Arts and sciences students to be recognized at FSU’s Leadership Awards Night

| Mon, 04/10/23
FSU students Janeen Green and Aubrey Heiss.
Arts and Sciences students Janeen Green and Aubrey Heiss. Photos by Kendall Cooper.

Two Florida State University College of Arts and Sciences students will receive Academic Leadership Awards and are slated to be recognized during the university’s annual Leadership Awards Night ceremony Tuesday, April 11.

Janeen Green, a double major within the Department of Religion and Program in Interdisciplinary Humanities, and Aubrey Heiss, a sophomore applied and computational mathematics major within the Department of Mathematics, will receive awards for outstanding leadership development and activity in their departments and organizations.

The awards, sponsored by FSU’s Division of Student Affairs, are presented to up to two students in each academic college at FSU’s Tallahassee and Panama City campuses annually based on academic performance, university service, and other contributions both in and out of the classroom. The awards honor the diverse collection of individuals and groups across campus who engage in leadership learning. Green and Heiss were selected from among the more than 8,000 undergraduates studying in the college’s 18 departments.

“Being recognized as a leader is so rewarding in and of itself, and I felt really supported by my nominator and community,” Green said.

Green became inspired to focus on humanitarian work after hearing about her grandmother’s experiences growing up in Jamaica. While engaged in humanities coursework at Florida State, Green realized she also needed to examine religion as a key component of her studies, which motivated her to double-major in religion.

“Humanities and religion are very much intertwined,” Green said. “I realized that religion is a running theme in humanities and at the center of why many humans do things.”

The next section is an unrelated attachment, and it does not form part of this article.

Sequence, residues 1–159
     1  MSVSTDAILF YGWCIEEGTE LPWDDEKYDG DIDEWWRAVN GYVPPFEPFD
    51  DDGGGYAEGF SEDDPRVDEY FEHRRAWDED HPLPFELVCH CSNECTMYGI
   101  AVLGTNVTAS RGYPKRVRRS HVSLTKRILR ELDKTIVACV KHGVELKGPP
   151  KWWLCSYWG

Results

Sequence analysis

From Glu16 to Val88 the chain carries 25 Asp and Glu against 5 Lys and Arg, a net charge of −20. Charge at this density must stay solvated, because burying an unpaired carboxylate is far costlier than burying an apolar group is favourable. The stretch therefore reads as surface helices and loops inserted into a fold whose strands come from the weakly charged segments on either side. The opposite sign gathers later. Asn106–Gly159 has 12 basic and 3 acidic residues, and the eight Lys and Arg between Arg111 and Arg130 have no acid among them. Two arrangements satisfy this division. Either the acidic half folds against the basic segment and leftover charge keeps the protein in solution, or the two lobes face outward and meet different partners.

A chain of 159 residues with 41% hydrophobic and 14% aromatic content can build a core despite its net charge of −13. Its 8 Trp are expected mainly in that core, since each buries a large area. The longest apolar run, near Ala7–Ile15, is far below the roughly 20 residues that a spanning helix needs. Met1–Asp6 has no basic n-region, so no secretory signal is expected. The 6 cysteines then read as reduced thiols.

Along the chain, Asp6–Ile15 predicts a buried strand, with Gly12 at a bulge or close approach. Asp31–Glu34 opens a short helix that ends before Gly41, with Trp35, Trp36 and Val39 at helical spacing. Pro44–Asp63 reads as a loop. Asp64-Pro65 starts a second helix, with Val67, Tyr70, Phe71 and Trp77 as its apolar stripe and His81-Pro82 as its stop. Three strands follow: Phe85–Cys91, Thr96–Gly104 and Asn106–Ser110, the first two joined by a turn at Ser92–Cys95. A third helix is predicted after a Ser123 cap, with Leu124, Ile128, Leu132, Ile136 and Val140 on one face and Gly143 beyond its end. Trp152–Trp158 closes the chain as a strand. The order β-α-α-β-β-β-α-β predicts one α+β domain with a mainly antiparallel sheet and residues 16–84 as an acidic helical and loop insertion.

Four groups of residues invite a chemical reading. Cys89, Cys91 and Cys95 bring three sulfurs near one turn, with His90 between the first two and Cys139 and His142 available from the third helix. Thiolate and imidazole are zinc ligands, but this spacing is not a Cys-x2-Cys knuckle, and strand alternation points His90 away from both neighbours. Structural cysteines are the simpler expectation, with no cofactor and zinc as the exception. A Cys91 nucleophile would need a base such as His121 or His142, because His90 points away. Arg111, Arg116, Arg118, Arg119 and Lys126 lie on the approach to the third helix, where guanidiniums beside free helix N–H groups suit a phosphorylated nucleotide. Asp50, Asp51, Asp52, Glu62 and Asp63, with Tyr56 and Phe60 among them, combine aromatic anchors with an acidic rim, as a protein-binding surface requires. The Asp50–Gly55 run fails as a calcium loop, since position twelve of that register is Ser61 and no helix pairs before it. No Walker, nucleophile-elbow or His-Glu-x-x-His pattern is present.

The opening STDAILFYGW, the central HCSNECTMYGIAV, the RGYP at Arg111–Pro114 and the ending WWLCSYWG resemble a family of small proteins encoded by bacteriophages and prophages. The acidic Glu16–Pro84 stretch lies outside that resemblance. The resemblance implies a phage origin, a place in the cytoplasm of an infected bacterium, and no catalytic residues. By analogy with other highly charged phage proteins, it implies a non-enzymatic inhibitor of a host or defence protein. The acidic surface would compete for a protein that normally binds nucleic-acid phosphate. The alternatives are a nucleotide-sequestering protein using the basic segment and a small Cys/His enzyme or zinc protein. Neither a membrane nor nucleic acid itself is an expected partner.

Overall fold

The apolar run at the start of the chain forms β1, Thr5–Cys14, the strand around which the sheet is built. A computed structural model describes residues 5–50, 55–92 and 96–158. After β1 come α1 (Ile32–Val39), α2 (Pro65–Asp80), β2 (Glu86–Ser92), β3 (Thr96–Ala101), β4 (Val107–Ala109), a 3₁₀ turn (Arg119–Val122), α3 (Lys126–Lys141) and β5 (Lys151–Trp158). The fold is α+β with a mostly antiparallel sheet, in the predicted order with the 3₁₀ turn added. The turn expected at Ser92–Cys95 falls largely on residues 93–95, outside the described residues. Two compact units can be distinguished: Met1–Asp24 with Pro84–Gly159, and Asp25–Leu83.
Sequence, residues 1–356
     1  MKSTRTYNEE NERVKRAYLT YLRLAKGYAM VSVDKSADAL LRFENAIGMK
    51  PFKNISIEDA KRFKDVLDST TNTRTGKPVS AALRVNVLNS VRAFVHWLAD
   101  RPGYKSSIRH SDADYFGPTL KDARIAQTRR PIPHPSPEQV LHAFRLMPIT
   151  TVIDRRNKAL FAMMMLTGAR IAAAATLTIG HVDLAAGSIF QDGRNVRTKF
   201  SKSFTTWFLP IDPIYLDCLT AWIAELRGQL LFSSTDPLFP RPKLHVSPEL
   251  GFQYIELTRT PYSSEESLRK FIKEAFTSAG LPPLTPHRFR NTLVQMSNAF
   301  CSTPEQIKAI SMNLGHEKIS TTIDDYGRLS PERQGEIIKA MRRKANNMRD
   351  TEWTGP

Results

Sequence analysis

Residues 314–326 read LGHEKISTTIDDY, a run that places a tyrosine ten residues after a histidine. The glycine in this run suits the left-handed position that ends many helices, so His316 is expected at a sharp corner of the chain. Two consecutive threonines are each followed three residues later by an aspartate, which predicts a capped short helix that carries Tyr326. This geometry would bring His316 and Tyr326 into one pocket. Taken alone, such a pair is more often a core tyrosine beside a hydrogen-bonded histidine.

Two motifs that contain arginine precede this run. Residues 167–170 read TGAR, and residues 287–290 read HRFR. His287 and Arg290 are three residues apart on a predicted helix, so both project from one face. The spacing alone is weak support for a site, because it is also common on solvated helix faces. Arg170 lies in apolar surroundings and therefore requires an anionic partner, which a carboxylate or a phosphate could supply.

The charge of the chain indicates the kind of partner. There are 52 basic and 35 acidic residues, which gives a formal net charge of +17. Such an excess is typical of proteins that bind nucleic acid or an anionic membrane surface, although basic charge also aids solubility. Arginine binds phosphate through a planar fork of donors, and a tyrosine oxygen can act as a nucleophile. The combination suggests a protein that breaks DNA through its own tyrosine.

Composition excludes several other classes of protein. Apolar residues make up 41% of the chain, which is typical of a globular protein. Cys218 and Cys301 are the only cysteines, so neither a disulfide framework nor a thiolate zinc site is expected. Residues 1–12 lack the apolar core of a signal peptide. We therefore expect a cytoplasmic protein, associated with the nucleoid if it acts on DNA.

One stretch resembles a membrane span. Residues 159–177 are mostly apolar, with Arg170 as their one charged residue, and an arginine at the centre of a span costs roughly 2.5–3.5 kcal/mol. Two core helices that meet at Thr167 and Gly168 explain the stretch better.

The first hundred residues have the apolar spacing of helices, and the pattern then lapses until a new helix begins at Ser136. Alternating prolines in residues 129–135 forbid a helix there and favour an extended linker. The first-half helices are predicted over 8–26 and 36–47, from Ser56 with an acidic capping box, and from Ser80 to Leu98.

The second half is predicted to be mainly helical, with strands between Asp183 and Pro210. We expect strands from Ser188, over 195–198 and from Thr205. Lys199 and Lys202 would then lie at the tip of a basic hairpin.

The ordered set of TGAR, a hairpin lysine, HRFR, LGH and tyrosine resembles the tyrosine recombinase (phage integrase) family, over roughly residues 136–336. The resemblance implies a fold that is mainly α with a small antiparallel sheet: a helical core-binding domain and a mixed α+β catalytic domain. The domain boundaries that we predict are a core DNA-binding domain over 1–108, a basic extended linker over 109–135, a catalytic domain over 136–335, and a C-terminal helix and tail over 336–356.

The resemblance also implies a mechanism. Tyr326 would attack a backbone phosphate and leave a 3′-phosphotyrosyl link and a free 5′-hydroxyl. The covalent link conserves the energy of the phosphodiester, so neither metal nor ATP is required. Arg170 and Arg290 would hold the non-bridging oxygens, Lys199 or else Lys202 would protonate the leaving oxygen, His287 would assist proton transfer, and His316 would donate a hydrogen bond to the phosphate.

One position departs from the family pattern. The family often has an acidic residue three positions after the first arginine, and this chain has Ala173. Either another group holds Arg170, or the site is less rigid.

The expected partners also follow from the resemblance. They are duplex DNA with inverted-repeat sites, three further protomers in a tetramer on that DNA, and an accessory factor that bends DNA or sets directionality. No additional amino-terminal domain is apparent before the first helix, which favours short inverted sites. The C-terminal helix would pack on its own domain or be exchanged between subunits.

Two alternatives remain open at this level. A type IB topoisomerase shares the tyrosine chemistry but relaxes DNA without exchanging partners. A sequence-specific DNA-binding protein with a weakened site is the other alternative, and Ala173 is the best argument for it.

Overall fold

Green conducted research on three late 18th and early 19th century European painters — Wilhelm Marstrand, Jean-Étienne Liotard and Eugène Delacroix — and how their bodies of work negatively depict Black women. In March, she presented her research at John Hopkins University's Richard Macksey National Undergraduate Humanities Research Symposium in Baltimore, Maryland. Green also presented this research in April at FSU’s Students Organized for Religious and Cultural Exploration’s annual student-run research symposium. Green is the club’s president, and this is the second consecutive year she co-organized, chaired, and presented at the SORCE symposium.

“Experiencing that kind of research setting is part of FSU’s culture,” Green said. “I feel extremely grateful to be able to dive into my passion for research.” Following her anticipated Fall 2023 graduation, Green, who is also a Honors in the Major student, plans to study international law. Her career goals include working as a lawyer with the United Nations or a non-governmental organization to provide legal representation for vulnerable populations.

Heiss also developed an early passion for her studies, helping her peers understand complex math formulas and concepts in high school, and she was consequently motivated to pursue a degree in math. She serves as president of the Society for Undergraduate Mathematical Students and organizes SUMS meetings and events, which feature professors speaking about their research as well as career liaisons discussing career paths in math. Additionally, Heiss is a part of the math curriculum committee board, a group that discusses and explores proposed curriculum changes within the department.

“I feel honored to receive this award,” Heiss said. “It’s really rewarding to know that people recognize the work I put in and think highly enough of me to be nominated.”

Beyond her studies and involvements in the Department of Mathematics, Heiss is also active in the Catholic Student Union, an experience she says has been extremely meaningful.

“Math is a big part of my life, but I think that being involved in a broad spectrum of other things helps me be an even better leader,” Heiss said.

Upon her anticipated graduation in Spring 2025, Heiss hopes to pursue a math-related position in the military, private industry or education.

To learn more about this year’s ceremony and the awards to be presented, visit